"We didn't leave the Stone Age because we ran out of stone"

The latest in a series of Climate Change elevator pitches, being posted regularly at Peter Sinclair's blog:

The first pitch is here.

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By See Noevo (not verified) on 09 Feb 2015 #permalink

Does Eric Rignot have any pitches on the Little Ice Age?

By See Noevo (not verified) on 09 Feb 2015 #permalink

Jared Diamond neeeds to spread the word on the end of stone tool manufacture to a lot of Kustom Melanesians.

This may take some time., as modern abrasives have revolutionized Neo-neolithic productivity.

By Russell Seitz (not verified) on 10 Feb 2015 #permalink

I was in the 4th grade (1968-1969) and got to see this 1958 Bell Labs educational film "Unchained Goddess" produced by Frank Capra. I keep wondering why 46 years later so little has been done by our country about climate change.

By Mark Hinterthuer (not verified) on 10 Feb 2015 #permalink

Mark, thanks for that link! Fantastic.

It's common sense, change is always necessary and since we have the power to change then, why not?

Ofcourse I could never give up on breathing oxygen unless something better comes along, only then would I give up on it.

I'm sure that even you are forced to upgrade your computer programs and such, in a way that's what change ultimately is.

We have to move on to a new version once it becomes available because most of the time its better than the previous version and usually has added features.
Ultimately change just has to happen if the necessary tools are available to make change possible, don't you think so?

"A computer program that is perfect, if continued to be developed, is no longer perfect."

O, so true... But it *is* capable of extending a marketing campaign for a product whose owners want to continue milking it for profits.

Since Wordstar is no longer around, ask Microsoft about that. (Pick your favorite product of theirs.)

By Brainstorms (not verified) on 20 Feb 2015 #permalink

Michael 2- I don't know where you get the idea that change is uniquely socialist. Some of us do have this notion that our society isn't perfect, that there's lots of room for improvement, and that oftentimes what's touted as "meritocracy" is highly dependent on what you choose to call merit.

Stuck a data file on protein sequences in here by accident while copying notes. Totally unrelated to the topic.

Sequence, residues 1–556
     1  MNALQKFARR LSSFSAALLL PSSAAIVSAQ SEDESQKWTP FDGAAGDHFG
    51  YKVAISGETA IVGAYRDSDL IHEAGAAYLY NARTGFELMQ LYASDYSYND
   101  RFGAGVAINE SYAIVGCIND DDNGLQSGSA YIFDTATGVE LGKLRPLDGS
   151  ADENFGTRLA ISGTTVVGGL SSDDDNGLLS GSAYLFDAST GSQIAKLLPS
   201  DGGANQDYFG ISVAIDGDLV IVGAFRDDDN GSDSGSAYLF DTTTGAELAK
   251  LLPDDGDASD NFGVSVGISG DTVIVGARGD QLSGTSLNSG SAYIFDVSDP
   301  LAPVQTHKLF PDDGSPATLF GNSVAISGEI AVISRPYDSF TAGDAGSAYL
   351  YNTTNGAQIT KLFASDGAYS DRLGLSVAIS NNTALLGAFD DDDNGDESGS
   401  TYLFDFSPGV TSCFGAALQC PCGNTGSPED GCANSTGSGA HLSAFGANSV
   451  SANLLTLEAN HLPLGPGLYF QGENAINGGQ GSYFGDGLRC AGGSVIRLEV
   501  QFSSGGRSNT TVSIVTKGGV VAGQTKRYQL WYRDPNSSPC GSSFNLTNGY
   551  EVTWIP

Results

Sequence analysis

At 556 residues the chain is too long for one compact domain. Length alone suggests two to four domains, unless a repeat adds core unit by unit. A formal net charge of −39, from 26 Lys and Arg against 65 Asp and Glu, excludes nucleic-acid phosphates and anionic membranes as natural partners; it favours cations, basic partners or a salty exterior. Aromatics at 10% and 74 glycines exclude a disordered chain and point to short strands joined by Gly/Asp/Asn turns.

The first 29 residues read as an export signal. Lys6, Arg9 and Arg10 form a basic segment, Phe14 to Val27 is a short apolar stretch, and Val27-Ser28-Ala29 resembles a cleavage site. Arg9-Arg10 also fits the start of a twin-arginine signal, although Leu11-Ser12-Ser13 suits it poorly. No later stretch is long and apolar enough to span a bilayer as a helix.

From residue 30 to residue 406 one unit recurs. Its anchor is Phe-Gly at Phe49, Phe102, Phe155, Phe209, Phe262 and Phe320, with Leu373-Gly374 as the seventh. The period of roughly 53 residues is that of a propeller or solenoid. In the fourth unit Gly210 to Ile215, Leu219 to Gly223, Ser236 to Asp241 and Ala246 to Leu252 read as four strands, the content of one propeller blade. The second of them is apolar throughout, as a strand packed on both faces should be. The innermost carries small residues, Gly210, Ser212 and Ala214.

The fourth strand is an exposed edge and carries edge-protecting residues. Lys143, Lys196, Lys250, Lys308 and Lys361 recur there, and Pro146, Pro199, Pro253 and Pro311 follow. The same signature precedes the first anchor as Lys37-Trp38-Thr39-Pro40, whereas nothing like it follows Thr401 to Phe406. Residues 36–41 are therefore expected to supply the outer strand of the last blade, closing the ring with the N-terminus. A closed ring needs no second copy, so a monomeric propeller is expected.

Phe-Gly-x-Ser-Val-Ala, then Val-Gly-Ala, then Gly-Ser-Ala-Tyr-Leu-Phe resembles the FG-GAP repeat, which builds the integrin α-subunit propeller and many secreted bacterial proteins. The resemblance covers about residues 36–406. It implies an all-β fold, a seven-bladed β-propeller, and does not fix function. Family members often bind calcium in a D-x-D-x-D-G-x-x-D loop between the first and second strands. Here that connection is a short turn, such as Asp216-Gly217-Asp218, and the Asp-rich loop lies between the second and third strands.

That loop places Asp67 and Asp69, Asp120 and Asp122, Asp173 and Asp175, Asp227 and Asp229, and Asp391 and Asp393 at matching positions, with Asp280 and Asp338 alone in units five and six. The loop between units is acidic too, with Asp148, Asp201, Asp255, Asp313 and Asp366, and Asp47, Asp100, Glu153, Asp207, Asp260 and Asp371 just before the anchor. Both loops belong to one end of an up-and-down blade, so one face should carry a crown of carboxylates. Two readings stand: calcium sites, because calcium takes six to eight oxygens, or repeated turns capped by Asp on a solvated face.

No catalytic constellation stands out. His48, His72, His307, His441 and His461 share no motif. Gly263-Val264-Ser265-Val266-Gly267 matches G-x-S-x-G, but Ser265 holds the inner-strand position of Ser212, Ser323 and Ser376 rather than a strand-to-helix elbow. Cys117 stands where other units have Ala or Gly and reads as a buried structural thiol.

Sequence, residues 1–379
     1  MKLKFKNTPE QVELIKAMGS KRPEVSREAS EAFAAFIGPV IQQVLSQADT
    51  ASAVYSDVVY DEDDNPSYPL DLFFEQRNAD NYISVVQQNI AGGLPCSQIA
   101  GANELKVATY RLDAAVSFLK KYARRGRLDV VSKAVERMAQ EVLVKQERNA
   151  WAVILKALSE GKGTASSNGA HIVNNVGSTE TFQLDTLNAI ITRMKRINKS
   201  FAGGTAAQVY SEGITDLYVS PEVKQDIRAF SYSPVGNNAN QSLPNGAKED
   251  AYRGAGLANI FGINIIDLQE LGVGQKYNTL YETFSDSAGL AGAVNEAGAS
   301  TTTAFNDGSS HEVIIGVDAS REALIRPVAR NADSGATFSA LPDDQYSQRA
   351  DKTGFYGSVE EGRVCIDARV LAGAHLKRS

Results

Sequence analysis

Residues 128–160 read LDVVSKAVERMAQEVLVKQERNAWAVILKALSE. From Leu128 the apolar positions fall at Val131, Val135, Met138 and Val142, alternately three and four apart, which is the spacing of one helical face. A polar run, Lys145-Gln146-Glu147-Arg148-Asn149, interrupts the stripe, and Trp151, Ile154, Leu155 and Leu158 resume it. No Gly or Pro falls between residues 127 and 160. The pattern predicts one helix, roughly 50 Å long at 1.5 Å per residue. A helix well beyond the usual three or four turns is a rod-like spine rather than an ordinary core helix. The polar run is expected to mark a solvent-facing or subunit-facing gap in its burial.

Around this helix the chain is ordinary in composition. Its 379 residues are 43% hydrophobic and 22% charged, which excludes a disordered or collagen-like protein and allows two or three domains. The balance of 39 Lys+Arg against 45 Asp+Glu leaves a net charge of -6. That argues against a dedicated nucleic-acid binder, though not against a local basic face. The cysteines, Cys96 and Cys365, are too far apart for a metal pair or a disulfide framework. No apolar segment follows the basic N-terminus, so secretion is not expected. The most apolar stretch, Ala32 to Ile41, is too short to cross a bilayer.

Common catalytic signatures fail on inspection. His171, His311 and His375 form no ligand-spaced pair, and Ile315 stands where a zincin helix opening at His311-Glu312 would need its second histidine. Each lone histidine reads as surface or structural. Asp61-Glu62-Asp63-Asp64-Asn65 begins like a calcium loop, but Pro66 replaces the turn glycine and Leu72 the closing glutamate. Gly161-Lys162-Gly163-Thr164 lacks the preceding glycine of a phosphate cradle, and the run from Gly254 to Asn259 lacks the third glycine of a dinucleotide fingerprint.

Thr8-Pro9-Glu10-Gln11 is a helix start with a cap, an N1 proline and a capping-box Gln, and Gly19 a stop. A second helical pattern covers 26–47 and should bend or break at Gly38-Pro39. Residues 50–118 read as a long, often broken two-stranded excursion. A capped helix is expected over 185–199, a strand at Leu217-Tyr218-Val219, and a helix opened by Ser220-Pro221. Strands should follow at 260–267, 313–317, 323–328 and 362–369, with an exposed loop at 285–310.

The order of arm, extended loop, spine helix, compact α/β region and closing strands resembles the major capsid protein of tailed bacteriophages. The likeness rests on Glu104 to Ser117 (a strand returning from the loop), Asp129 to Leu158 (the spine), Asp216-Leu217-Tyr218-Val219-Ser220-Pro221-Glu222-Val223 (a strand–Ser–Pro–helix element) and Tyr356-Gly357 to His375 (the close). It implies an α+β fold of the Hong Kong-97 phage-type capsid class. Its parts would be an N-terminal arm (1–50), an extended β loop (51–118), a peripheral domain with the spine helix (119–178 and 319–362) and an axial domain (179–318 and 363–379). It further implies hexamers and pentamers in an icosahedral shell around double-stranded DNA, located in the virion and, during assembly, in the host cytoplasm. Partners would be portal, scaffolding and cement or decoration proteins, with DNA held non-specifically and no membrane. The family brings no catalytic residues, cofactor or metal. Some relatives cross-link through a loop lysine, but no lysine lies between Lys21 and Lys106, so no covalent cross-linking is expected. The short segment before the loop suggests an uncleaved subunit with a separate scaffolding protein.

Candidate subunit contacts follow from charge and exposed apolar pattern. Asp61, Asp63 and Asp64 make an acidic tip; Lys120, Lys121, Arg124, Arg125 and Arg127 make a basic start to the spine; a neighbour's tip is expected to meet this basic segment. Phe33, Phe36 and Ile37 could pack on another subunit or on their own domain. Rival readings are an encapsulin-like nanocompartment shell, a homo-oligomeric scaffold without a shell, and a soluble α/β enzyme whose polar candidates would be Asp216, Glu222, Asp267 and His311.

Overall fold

After all, profitability isn't an automatic indicator of social utility. Slaves were insanely profitable and were a major factor in the economic growth of the South, which posted eye-popping numbers for a century. The thing is, those numbers -- like growth in GDP and exports -- did not capture the fact that the system that built it was a) completely inhuman, to the point that it is indefensible and b) top-heavy growth of the kind you see in lots of resource-based economies that have near-zero investment levels. So even though that system was wildly profitable and got you all the numbers that look fantastic on a balance sheet, I think you'd agree that slavery and cotton are not the way to go. But if you asked a plantation owner or a banker in 1850 if the system was working they would say "hell yes, it ain't broken." But things had to change because the system was clearly a horror for millions, yes millions of people.

In the case of climate change the issue is that we've been doing things in a way that ignores the real costs for a very long time, because the economic system was set up to do precisely that. Not because people were evil or anything, but resources looked infinite 100 years ago. Well, they aren't.

That said, there are plenty of cases where whole civilizations ran out of something vital and didn't realize that unlimited growth was not going to work. The classic Maya ran into this issue, when thy used up all the best land and discovered that you do slash-and-burn in a semi-nomadic context for a reason. (And that's really the only way to do agriculture in many rain forest soils). Several civilizations in the Tigris and Euphrates regions discovered that irrigating soils can increase their salt content. Well, they didn't realize what was happening -- only that over time certain crops weren't growing so well anymore. Then it got to a point where it no longer worked, and those civilizations are gone. But nothing was "broken" -- people could do what they had always done, and it seemed that the social order was ok. Until it went off a cliff.

Sometimes you have to change the way you do things to survive. And it isn't always convenient. But once in a while these things have to happen.

Burning all the carbon is a manifestly bad idea. So we have to stop. If we don't, our current civilization may not survive, and this time there is no place to go away to. And the longer we wait to change the harder it will be.

By the way, try this calculation. Pretend the whole Earth is covered in a 1m-thick layer of light sweet crude. Take the current rate of increase of use and cut it in half. Then calculate how long that giant layer of oil would last. The answer will surprise you I bet.

The vending machine industry requires change, too...

By Brainstorms (not verified) on 20 Feb 2015 #permalink